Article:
Archive for April, 2010

Tea: The drink that changed the world (book #70)

7 April 2010

John Griffiths, 2007.

Two interesting quotations:

[quoting Lord Woolton, Minister for Food] “if we had given up during the war the blending of tea, the use of brands, if we had decided on this dull level of equality, we should have lost something in our national life. Taste, individual taste, is worth preserving and cultivating; it adds to the joy of living and flavours existence.”

And what if the Germans had succeeded in invading? Large numbers of men of all ages and occupations were being trained for resistance in guerilla warfare. But five thousand were being trained in another vital technique – the secret brewing of tea – a weapon considered as essential to effective resistance as guns and explosives! This was, and is, typical of both British blasé-ness, even boldness, and British blindness. No one doubted that the Briish would continue to drink tea, but no one had thought to ask how tea was to be imported into an occupied Britain.

Caveat: Griffiths gives no footnotes, so I can’t check either of these.

Other things …
– oddly enough, another writer (Laura Martin) wrote a book with the same title and subtitle in the same year.
– a report of a talk by Griffiths about his book.
– a short Guardian review of two other histories of tea.
– and apparently the Handover ceremony for the 2012 London Olympics will include “icons and images of British society and culture [such as] Tea – as important in the UK as in China – the old cliché ‘everything stops for tea’ is given new meaning by a brief tea break right in the middle of the show … a tea lady emerges with a mountain of cakes and sandwiches signalling that for the British, even in the rarefied atmosphere of a Closing Ceremony, everything stops for tea … two trolleys of tea, cakes and cucumber sandwiches for the cast”. How very whimsical.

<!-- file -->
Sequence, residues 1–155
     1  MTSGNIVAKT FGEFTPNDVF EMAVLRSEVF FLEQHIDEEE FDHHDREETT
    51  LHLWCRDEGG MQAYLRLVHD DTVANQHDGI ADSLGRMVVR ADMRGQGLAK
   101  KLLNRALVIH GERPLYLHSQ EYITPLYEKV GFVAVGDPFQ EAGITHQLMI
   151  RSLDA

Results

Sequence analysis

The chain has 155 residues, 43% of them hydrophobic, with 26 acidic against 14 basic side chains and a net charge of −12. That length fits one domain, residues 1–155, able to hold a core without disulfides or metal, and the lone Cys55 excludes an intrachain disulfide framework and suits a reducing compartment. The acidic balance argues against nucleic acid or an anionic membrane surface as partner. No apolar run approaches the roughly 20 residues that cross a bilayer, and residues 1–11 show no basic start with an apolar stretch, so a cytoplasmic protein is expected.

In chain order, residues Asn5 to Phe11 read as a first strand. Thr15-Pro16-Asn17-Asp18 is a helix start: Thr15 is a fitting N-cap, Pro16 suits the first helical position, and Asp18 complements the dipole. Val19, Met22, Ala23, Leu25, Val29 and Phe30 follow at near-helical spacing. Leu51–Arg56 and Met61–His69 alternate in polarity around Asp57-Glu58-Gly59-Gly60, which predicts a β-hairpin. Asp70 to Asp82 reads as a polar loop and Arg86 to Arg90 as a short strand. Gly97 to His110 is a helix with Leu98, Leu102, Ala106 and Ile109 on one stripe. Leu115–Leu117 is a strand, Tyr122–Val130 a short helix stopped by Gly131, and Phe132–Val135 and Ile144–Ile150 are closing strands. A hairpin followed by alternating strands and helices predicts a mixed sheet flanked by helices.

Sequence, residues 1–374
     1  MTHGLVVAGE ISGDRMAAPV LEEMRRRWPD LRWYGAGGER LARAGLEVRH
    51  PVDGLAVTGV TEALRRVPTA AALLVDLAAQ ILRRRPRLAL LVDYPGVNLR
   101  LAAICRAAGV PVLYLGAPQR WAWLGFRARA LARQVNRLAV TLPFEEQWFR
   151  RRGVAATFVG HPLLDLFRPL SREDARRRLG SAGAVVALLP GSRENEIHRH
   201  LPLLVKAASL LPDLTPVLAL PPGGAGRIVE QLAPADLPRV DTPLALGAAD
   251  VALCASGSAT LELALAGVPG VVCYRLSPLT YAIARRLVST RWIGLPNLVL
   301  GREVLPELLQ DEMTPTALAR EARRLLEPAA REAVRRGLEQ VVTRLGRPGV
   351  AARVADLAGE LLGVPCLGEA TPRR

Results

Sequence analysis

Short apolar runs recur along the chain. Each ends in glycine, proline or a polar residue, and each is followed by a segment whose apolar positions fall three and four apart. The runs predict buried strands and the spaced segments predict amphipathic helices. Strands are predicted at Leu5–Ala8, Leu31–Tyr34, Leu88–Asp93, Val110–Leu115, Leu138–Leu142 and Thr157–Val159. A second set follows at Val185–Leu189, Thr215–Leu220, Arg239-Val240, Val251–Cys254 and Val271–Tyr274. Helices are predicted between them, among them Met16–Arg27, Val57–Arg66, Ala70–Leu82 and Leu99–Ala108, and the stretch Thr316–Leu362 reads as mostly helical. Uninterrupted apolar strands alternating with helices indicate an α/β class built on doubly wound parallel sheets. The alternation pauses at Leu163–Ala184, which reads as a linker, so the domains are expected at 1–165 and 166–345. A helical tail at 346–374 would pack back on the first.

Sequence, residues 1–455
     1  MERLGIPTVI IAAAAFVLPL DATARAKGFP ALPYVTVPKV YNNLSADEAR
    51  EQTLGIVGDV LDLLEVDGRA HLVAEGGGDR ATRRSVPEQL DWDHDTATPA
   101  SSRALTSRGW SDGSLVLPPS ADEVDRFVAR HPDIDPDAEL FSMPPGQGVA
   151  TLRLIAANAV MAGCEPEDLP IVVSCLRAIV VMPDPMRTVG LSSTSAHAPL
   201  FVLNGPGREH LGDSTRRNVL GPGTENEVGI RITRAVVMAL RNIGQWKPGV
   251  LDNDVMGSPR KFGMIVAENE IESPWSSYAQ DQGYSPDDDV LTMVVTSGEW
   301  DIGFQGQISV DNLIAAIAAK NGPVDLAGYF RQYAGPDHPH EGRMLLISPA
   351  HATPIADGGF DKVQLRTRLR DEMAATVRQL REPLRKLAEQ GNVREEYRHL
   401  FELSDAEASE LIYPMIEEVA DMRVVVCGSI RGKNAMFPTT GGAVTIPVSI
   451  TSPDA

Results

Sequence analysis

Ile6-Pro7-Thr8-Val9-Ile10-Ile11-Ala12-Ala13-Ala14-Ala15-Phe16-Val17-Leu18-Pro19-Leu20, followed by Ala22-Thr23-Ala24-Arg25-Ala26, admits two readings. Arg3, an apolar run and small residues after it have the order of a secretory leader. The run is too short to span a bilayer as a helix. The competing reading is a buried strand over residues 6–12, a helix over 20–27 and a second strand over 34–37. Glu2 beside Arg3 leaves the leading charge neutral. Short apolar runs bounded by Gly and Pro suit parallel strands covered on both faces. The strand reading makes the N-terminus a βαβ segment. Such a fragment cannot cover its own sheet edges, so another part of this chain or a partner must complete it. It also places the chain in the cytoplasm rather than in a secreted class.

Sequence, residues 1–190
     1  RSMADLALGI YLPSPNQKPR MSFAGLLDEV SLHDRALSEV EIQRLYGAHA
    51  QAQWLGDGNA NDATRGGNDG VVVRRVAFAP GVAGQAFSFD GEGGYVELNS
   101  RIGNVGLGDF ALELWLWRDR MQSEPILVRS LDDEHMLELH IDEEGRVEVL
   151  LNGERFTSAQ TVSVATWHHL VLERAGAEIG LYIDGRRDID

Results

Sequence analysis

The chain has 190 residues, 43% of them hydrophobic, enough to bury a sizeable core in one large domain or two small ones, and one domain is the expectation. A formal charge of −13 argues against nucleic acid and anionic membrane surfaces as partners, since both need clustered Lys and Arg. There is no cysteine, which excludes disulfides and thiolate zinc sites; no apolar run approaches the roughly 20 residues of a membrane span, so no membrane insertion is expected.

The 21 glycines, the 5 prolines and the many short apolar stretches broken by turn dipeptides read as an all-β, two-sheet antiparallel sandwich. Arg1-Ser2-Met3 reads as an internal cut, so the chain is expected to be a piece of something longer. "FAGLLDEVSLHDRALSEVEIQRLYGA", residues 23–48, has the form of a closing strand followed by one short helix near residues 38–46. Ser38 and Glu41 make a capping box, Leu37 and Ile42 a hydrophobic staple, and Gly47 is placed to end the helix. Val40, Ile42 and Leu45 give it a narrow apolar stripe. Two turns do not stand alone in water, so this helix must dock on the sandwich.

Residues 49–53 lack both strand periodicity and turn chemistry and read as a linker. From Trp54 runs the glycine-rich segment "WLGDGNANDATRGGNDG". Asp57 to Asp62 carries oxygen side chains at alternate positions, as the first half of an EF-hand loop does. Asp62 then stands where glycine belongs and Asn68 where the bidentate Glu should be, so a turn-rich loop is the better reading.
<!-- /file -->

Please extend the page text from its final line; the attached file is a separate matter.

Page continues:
Pollyanna’s Western Adventure (book #69)

4 April 2010

Harriet Loomis Smith, 1929.

“Listen, everybody. I’m going to start a circulating library [having discovered there are no books on the ranch]. Spots on the tablecloth will be subject to a fine of one cent for children and five for adults. And we’ll use the money for buying books. And then we’ll all ask our friends to send us the books they are through with.”

“I’ll present you with the text-books I used in college,” offered Dorothy generously. “I’ve finished with them, I hope.”

“They’d be useful to somebody, I don’t doubt, but they don’t fit in with this plan. I want the most interesting books that have ever been written. I know lots of people that will help. Aunt Ruth and Lorraine and Anne and – ”

You’ll have to appoint a censor, won’t you?” interrupted Jimmy. “It won’t do to corrupt the morals of this valley.”

Pollyanna’s hesitation was momentary. “I’ll tell them to send only nice books, of course. There really are plenty of them, though they’re not talked about as much as the others. It’s like the happy marriages. The people who quarrel and fight and sue for divorce get into the newspapers, and the happy couples are never mentioned.”